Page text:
2. Allergens: Allergens can exacerbate eczema symptoms. Pollen, pet dander, dust mites, mould, and some foods are examples.
    Avoidance: Determine and restrict your exposure to recognised allergies. To reduce indoor allergies, use allergen-proof bedding, howover, and dust regularly, and consider air purifiers. Work with a healthcare expert to identify and treat specific food allergies or sensitivities when it comes to food triggers.

  3. Fabrics and Clothing: Rough or irritating fabrics can irritate the skin and cause flare-ups of eczema.
    Avoidance: Choose soft, breathable fabrics such as cotton over scratchy materials such as wool. Wash new clothes before wearing them to remove any potential irritants.

  4. Temperature and Humidity: High or low humidity, as well as extreme temperatures, can aggravate eczema.
    Avoidance: Keep your room at a comfortable temperature and use a humidifier in dry weather to keep your skin from drying out. In hot weather, dress in loose, breathable clothing to prevent sweating.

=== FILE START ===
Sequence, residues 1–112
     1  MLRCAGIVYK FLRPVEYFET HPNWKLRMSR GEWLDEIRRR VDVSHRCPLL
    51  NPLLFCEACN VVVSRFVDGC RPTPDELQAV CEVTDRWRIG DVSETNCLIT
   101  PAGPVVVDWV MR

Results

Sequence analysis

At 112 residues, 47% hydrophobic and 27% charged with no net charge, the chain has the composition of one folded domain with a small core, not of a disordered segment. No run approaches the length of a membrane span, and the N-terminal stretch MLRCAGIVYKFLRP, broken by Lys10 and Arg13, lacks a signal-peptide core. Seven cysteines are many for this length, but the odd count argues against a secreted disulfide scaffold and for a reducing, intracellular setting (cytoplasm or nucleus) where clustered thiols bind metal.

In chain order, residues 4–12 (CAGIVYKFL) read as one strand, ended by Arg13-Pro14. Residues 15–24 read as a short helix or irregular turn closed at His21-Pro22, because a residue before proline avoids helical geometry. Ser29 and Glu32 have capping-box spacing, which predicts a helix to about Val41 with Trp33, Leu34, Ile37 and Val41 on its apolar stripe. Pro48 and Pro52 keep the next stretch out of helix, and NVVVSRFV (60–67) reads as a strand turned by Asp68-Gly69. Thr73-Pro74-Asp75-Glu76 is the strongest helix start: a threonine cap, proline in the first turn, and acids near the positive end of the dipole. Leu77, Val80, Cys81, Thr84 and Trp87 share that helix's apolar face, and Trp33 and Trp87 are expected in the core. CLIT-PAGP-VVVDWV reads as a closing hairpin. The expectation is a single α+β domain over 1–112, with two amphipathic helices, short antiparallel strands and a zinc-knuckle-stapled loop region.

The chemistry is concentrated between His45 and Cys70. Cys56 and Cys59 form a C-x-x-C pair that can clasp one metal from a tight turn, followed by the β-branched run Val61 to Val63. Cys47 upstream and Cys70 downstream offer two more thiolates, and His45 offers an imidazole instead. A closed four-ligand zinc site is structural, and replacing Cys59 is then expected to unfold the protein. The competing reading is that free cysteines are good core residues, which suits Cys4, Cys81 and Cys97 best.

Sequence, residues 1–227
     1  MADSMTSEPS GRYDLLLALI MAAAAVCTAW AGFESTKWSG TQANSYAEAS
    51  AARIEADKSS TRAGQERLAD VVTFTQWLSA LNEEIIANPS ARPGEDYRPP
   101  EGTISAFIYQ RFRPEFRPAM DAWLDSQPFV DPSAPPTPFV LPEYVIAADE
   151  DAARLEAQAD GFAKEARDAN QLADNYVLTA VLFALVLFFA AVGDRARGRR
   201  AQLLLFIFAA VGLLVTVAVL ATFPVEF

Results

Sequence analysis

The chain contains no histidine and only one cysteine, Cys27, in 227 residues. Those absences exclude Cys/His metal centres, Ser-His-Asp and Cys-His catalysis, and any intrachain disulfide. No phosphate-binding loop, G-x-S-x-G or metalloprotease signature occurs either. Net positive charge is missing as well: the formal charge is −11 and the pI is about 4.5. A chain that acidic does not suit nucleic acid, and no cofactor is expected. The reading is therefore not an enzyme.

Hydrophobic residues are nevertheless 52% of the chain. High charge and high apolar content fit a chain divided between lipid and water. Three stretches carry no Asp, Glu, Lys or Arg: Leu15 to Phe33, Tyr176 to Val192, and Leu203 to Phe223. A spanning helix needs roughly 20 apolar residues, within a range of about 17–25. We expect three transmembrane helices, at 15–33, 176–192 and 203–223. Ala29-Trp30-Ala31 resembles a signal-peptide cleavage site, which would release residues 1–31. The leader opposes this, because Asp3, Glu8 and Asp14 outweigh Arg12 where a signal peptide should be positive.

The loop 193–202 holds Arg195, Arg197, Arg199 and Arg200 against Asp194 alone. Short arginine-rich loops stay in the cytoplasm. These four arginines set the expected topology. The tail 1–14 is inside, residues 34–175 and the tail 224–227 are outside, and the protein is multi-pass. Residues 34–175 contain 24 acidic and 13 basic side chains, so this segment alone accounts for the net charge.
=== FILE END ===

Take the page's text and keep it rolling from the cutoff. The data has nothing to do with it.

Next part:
5. Stress: Stress on an emotional level can exacerbate pre-existing symptoms of eczema or cause flare-ups.
    Avoidance: Take up stress-relieving exercises like yoga, meditation, and mindfulness, or meditation, or take up relaxing pastimes and pursuits.

  6. Scratching: Frequent scratching can aggravate the skin even more and cause a flare-up.
    Avoidance: To lessen the impulse to scratch, cut your nails short, cover itchy spots with soft cloths, and use diversionary tactics.

Trigger Avoidance Techniques:

  1. Keep a diary: Keep a record of your eczema symptoms and potential triggers. This can assist in identifying patterns and specific triggers that aggravate your eczema.

  2. Consult a medical professionalWork with a dermatologist or healthcare provider to identify eczema triggers that are unique to your condition and receive personalised advice on how to manage eczema triggers.

  3. Establish a skincare routine: Protect and hydrate the skin with gentle skincare products and moisturisers regularly to reduce the risk of flare-ups.

  4. Avoid known triggers: Once you have identified them, take proactive steps to limit your exposure to triggers that aggravate your eczema symptoms.

By identifying and avoiding eczema triggers, individuals can effectively manage their condition, reduce flare-ups, and improve their overall quality of life.